The United States Senate voted Friday morning to advance the confirmation vote of U.S. Supreme Court nominee Judge Brett Kavanaugh in a vote of 51-49.
After weeks of controversy over allegations of sexual misconduct in high school and college, Kavanaugh is expected to get an up or down vote sometime this weekend, likely Saturday.
Republican Sens. Susan Collins and Jeff Flake were among those who voted to move ahead with the confirmation vote. Democrat Sen. Joe Manchin joined the majority, while Republican Sen. Lisa Murkowski voted no.
The successful moving forward with the confirmation is seen as a possible indicator that Kavanaugh has enough votes to be confirmed, according to The Washington Post.
For her part, Collins, seen as a crucial swing vote in the confirmation process, has said that she will announce Friday afternoon her position on whether Kavanaugh should be confirmed.
Kavanaugh was nominated by President Donald Trump in July to replace retiring Supreme Court Justice Anthony Kennedy, who had been a noted swing vote on the high court.
From the onset, Kavanaugh received fierce opposition from liberals, pro-abortion groups and Democrat politicians, who among other things viewed Kavanaugh as too conservative on issues like abortion.
Following a Senate hearing that was interrupted over 200 times by protestors, a woman named Christine Blasey Ford accused Kavanaugh of assaulting her at a party in the 1980s when they were teenagers.
Another allegation of misconduct came from Deborah Ramirez, who told the New Yorker magazine that Kavanaugh might have exposed himself to her at a party when they were college students at Yale, but no one could corroborate her claims.
Both Kavanaugh and Ford testified before the Senate Judiciary Committee last week. From there, the FBI conducted a supplemental background investigation finding "no corroboration of the allegations made by Ford or Ramirez."
Leland Keyser, a friend of Ford, told the FBI that she felt pressured by friends to say that she believed Ford's accusation even though in her official statement she said that she never knew Kavanaugh and didn't recall ever seeing him at a party she had attended.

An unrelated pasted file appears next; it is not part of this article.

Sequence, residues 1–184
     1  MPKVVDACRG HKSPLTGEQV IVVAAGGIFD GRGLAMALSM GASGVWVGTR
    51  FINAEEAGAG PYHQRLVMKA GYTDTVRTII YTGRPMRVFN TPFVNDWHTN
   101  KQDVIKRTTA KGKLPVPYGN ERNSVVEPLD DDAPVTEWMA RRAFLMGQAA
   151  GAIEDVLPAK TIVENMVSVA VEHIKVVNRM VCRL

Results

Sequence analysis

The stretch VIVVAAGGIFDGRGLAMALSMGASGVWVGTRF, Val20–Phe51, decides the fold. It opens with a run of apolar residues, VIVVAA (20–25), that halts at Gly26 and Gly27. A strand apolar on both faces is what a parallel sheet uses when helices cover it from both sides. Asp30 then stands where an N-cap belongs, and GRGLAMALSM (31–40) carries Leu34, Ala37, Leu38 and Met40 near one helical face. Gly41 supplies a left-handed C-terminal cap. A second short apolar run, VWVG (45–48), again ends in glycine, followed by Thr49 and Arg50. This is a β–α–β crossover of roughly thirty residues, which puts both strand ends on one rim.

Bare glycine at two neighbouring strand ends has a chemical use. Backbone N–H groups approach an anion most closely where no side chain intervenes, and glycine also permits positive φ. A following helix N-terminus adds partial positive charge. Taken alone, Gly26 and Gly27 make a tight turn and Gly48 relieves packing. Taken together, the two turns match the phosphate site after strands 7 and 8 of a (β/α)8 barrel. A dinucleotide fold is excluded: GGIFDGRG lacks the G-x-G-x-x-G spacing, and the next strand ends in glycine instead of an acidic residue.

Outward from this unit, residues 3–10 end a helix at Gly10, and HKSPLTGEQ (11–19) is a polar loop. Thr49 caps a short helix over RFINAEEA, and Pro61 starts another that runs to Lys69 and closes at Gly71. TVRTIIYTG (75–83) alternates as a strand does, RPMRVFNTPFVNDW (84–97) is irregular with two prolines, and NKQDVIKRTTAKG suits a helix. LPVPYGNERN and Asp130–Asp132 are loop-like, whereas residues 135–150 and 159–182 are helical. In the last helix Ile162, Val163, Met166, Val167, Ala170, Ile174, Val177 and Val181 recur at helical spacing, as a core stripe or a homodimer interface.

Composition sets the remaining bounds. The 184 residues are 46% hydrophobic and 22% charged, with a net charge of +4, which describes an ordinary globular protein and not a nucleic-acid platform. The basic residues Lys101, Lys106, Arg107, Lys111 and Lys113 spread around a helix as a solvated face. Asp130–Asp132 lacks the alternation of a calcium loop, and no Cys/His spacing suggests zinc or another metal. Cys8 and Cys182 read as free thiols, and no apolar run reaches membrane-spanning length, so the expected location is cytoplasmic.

In an op-ed published Thursday by The Wall Street Journal, Kavanaugh defended himself and expressed regret for how emotional he got during his testimony regarding the allegations against his moral character.
"I know that my tone was sharp, and I said a few things I shouldn't have said. I hope everyone can understand that I was there as a son, husband and dad," wrote Kavanaugh.
"I testified with five people foremost in my mind: my mom, my dad, my wife, and most of all my daughters."
Others, including the National Council of Churches, have joined those opposed to Kavanaugh's nomination. In a statement released earlier this week, the theologically liberal church coalition expressed several concerns with the nominee.
"During his appearance before the Senate Judiciary Committee, Judge Kavanaugh exhibited extreme partisan bias and disrespect toward certain members of the committee and thereby demonstrated that he possesses neither the temperament nor the character essential for a member of the highest court in our nation," the council said.
"We are deeply disturbed by the multiple allegations of sexual assault and call for a full and unhindered investigation of these accusations."
They also raised concern about Kavanaugh's "troubling" judicial and political record on matters such as voting rights, and racial and gender justice.
"This leads us to believe that he cannot be an impartial justice in case that are sure to come before him at the court," the church umbrella group said.